ABOVE: SIMON AMSTELL IN NEW YORK, APRIL 2014. STYLING: MICHELLE CAMERON. COAT, SHIRT, PANTS, AND TIE: BURBERRY PRORSUM. SOCKS AND SHOES: AMSTELL’S OWN. GROOMING PRODUCTS: NARSSKIN, INCLUDING OPTIMAL BRIGHTENING CONCENTRATE. GROOMING: VALERY GHERMAN/ART DEPARTMENT. PRODUCTION: DAYNA CARNEY/MANAGEMENT ARTISTS. SPECIAL THANKS: TEN TON STUDIO.
“In reality, I do not find Justin Bieber attractive,” British comedian Simon Amstell announced to audiences in his 2012 stand-up show Numb. “But there is this fantasy being sold on television of this sort of sexless, neutered yet cocky sex-person. And there is something in me that … wants to fuck him till he cries.” Delivered in his signature innocently awkward manner, Amstell’s comedy is at once brash and outrageous and thoughtful and introspective. He will proclaim, “I think I’m God … a bit,” as a way of addressing narcissism and his insecurities, or he’ll tell an anecdote about having sex in a bathroom at his ex-boyfriend’s family home to challenge our unquestioned acceptance of appropriateness.
In Britain, Amstell has been in the spotlight since the early 2000s: first as a presenter on the teen music show Popworld, then as the host of the tongue-in-cheek quiz show Never Mind the Buzzcocks. The comedian, now 34, grew up in Essex, a suburb of London best known for McMansions inhabited by soccer players and models. He says his parents’ painful divorce when he was 13 influenced his chosen profession: “[I] learned to juggle to stop mother crying,” is the punch line of one of his recent jokes.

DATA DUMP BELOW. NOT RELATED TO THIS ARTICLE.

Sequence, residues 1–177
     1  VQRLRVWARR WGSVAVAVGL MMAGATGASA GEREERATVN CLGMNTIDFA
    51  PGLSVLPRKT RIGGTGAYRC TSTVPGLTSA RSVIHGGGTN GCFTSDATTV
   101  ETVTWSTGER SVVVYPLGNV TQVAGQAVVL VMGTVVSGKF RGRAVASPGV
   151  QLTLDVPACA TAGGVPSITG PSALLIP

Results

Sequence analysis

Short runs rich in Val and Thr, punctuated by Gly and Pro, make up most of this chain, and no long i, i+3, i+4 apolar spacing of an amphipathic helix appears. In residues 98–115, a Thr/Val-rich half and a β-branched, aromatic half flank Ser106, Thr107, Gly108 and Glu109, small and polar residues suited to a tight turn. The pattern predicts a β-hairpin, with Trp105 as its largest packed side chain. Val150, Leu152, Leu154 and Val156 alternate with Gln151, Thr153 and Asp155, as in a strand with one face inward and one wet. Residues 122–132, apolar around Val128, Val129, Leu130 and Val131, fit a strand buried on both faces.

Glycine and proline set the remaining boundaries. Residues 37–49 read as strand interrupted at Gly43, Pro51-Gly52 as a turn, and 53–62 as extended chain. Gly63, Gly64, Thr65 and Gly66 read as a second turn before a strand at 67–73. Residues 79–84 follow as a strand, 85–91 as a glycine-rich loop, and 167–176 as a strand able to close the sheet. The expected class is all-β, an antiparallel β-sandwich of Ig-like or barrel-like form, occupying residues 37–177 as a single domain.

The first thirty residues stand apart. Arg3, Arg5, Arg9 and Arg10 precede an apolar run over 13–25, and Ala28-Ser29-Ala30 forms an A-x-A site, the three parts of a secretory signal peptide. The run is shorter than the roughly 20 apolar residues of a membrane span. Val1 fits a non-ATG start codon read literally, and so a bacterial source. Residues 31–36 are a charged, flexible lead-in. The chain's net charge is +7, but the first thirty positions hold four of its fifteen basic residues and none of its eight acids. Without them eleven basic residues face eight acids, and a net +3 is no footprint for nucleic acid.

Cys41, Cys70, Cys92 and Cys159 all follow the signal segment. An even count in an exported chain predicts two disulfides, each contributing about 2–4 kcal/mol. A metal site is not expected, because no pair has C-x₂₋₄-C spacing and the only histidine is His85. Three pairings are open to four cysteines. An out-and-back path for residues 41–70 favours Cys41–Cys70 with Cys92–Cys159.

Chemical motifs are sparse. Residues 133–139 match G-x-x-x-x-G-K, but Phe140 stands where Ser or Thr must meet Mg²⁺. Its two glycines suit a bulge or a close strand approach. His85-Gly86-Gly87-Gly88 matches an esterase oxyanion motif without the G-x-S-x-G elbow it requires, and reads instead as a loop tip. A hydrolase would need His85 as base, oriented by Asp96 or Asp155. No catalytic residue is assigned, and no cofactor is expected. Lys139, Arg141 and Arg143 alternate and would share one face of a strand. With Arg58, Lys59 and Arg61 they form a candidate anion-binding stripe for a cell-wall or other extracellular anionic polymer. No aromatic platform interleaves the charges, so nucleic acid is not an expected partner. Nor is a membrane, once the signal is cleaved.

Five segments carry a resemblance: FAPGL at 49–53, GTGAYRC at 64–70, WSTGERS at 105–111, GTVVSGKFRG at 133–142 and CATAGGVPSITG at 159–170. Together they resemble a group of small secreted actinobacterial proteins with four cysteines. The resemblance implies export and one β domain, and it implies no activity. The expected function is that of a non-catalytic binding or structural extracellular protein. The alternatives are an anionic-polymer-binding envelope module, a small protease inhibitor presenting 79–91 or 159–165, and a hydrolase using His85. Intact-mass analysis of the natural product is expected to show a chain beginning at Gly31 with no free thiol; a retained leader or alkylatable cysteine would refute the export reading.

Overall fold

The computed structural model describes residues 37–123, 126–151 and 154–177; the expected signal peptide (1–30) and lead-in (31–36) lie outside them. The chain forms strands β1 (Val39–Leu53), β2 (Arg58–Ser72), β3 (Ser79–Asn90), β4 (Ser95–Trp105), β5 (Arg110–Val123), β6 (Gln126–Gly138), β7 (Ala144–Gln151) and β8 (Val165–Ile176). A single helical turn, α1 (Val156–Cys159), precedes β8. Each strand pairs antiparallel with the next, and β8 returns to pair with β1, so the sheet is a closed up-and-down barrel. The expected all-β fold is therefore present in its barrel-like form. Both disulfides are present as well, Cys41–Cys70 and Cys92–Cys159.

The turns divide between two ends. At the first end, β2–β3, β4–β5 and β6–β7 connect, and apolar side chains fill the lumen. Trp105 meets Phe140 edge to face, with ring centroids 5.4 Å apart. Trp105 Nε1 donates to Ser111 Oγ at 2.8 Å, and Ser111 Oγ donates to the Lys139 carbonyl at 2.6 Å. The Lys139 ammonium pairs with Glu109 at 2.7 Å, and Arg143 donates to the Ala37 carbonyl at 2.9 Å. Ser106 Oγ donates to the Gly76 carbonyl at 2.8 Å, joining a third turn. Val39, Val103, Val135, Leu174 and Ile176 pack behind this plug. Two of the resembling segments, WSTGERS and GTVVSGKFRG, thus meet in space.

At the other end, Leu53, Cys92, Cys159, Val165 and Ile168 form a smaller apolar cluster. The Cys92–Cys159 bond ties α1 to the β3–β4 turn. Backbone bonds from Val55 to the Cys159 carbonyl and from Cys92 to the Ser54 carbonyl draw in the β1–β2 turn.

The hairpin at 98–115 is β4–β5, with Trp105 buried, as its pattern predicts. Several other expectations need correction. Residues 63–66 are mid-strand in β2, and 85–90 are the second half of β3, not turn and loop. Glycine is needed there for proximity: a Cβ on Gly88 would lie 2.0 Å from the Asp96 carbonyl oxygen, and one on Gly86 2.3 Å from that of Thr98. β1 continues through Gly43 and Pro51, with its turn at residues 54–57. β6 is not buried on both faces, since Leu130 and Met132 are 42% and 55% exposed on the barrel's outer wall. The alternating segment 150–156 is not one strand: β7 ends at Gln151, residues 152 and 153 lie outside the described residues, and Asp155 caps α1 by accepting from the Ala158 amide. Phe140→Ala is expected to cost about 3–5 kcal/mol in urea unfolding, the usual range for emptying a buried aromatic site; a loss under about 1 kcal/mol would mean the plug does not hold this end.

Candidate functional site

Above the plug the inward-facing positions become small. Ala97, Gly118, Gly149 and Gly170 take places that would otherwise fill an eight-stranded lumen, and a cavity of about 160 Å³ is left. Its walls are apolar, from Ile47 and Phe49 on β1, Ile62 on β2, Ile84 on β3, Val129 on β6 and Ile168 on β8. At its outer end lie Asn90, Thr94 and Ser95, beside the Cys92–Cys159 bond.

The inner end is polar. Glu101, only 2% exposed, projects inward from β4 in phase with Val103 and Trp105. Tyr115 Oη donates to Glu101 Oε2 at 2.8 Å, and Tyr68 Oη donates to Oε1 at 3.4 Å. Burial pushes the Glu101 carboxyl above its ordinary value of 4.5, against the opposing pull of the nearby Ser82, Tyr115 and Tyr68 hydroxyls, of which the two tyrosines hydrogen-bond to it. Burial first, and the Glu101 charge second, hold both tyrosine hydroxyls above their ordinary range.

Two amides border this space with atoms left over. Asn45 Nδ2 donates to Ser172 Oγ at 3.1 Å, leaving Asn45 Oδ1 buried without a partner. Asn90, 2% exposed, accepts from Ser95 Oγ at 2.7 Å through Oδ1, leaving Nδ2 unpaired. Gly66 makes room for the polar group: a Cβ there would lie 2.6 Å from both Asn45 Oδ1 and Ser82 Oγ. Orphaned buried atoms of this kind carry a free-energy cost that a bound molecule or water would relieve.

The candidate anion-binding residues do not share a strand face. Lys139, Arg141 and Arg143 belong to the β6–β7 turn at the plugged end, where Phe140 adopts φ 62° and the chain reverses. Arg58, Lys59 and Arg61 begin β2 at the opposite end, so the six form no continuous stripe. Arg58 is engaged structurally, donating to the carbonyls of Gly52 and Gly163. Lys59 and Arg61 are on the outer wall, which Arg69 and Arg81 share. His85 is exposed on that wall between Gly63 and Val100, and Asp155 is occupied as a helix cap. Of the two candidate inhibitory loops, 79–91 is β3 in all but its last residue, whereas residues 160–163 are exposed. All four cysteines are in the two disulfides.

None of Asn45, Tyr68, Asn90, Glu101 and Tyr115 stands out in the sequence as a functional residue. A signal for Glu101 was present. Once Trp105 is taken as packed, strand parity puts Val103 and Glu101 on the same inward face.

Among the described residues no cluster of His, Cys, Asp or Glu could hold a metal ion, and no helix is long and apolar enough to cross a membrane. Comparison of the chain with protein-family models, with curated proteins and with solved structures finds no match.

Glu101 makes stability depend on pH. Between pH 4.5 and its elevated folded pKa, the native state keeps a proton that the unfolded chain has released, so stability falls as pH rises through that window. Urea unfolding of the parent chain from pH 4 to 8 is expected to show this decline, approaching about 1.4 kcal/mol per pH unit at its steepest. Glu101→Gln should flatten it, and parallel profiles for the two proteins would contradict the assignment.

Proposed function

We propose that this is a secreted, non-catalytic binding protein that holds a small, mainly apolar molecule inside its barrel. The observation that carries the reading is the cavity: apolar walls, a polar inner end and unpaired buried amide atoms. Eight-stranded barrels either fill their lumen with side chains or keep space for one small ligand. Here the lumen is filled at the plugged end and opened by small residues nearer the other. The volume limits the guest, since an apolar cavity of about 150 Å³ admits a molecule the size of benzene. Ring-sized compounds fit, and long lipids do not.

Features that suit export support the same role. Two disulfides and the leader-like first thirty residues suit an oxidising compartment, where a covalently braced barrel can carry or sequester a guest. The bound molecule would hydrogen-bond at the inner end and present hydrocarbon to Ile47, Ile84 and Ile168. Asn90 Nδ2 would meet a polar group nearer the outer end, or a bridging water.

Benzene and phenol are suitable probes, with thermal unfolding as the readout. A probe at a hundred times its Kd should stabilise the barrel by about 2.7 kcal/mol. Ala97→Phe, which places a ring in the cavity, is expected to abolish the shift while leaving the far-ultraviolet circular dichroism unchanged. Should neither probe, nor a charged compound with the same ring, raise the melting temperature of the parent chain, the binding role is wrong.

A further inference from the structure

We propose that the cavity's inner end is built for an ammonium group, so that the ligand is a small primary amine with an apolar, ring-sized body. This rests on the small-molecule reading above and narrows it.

For the run of Numb, Amstell focused on the pointlessness of our existence and the inevitability of death. Such subjects might not seem funny on paper, but that is what makes Amstell’s particular brand of comedy so relatable: his act extends past the point of cringe to a place of vulnerable camaraderie between the comic and crowd. “I’ve always felt that comedy doesn’t just come from misery,” he says. “It comes from an absurdity around that misery. We’re all dying—any of this anxiety is ridiculous.” Shows are cathartic for Amstell; he knows that an anecdote is worth telling when “it’s something that I would never want to say out loud—that I can’t bear the idea of someone knowing it about me. Then I end up saying it and people laugh and I feel cleansed.”
At present, Amstell is polishing material for his next show. He performs at small venues and tweaks his jokes from night to night based on the audience’s reaction. Although still untitled, he describes the work-in-progress as being “about freedom, which is quite tricky, because we’ve all got our own insecurities stopping us. We’re all confined by those things.” To him, laughter is acceptance: “People laugh because they relate to it—as they’re laughing, they’re saying, ‘We also feel like this.’ ” Silence is just as significant: “That’s the audience being vocal,” he says. “That’s them saying, ‘Please don’t ever say that again.'”
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